Henk Pander

the Laura Russo Gallery, 805 NW 21st, through June 26

A curious exhibition at the Laura Russo Gallery this month subtly explores some of the differences between drawing and photography, iconic and representational spaces, and allegories and documents. The show is a collection of post-9/11 drawings that local art hero Henk Pander based on sketches and photographs that he made at Ground Zero in 2002.

Pander's ink-hatched scenes depict the area immediately surrounding the site of the fallen towers. In The Wall, police in gas masks guard a fenced perimeter while a man looking suspiciously like Pander makes sketches off to the side. Pander turns away from the wreckage in Observance to capture the crowd of mourners--sightseers at the scene of our greatest tragedy. Modes of Grief shows a small crowd huddled in a group hug in front of the skeletal remains of a destroyed building. The drawings are highly photographic; space is compressed and organized in the flattened ways that monocular lenses typify. The crowd shots are too instantaneous to be derived from plein-air sketches. The effect is that these are hand-drawn snapshots, documents from the human hand rather than an unfeeling machine.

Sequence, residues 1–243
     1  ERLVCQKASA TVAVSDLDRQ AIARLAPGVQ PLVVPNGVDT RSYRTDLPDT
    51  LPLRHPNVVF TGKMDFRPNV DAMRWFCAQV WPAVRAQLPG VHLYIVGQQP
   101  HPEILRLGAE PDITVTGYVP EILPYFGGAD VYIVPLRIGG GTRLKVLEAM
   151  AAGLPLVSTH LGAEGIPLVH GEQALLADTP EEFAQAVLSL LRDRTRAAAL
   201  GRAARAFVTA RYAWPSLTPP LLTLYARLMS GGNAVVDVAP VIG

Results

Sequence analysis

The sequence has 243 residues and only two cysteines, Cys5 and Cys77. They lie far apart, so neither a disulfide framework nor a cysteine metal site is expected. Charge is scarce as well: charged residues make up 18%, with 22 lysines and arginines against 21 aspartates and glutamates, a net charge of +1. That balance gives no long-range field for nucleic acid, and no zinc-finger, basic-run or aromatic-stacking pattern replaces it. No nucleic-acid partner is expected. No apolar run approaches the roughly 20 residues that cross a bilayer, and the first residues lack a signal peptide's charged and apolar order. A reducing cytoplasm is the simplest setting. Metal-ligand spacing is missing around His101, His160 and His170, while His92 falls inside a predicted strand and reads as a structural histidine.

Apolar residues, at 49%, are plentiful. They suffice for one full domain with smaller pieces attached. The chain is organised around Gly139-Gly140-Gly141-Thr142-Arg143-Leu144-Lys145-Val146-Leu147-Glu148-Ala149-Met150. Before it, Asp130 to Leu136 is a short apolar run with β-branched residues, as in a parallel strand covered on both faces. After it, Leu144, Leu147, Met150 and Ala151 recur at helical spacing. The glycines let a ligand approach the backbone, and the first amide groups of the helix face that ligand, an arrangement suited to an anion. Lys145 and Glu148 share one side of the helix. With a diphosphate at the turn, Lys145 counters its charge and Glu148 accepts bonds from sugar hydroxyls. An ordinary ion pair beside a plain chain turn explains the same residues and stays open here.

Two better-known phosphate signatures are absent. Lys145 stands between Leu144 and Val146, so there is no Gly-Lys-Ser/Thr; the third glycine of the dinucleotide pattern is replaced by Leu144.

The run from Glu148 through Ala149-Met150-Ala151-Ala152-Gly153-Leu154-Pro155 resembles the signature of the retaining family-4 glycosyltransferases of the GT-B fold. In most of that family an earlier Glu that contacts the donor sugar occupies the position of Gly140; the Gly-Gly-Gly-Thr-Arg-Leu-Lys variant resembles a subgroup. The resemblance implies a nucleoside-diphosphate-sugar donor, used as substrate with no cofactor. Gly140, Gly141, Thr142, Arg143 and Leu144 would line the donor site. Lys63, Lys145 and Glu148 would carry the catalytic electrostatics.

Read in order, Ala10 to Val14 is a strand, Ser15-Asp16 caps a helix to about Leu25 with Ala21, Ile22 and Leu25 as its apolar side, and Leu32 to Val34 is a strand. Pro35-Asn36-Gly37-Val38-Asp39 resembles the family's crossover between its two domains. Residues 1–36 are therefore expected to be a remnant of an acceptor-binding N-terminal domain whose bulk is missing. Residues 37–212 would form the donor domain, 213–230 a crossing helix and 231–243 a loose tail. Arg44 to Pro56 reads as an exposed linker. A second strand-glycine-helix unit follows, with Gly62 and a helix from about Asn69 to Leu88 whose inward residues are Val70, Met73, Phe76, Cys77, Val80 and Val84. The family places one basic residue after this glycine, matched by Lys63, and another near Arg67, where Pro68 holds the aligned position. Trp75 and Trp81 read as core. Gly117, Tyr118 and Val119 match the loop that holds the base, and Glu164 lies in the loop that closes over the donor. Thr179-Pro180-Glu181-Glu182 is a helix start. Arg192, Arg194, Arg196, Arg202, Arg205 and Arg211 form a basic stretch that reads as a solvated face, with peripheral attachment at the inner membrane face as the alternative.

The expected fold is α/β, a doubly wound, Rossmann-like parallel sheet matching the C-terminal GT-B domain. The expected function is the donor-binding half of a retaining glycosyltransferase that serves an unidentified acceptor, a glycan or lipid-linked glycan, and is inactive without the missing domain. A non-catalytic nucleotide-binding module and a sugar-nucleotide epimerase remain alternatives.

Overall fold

There are two drawings of particular interest in the show, and they are of essentially the same scene. Both Homeland and Parent depict a young, hippie-ish mother in a tank top and cowboy hat with her two children flashing the peace sign as a swarm of anti-terrorist, heavily uniformed enforcers occupy the background. From this point on, however, the drawings could not be more different. Parent is drawn in the style of the rest of the exhibition; it looks photographic, flatly set on a city street. Homeland, however, jettisons all attempts at recreating realistic space or documentary veracity. Now we see the same mother and children from the back, again flashing their peace signs at a gang of intimidating robo-officers. Instead of being set on the streets of Manhattan, though, space has become completely ambiguous, and the narrative falls into the nature of storybook allegory rather than documentary realism. Faceless, the mother and children become universal everypersons, opining against government force in a timeless, space less vacuum. Rather than being tied to a singular moment on a downtown sidewalk, Homeland escapes the limitations of the factual document and becomes an eternal, haunting scene. CHAS BOWIE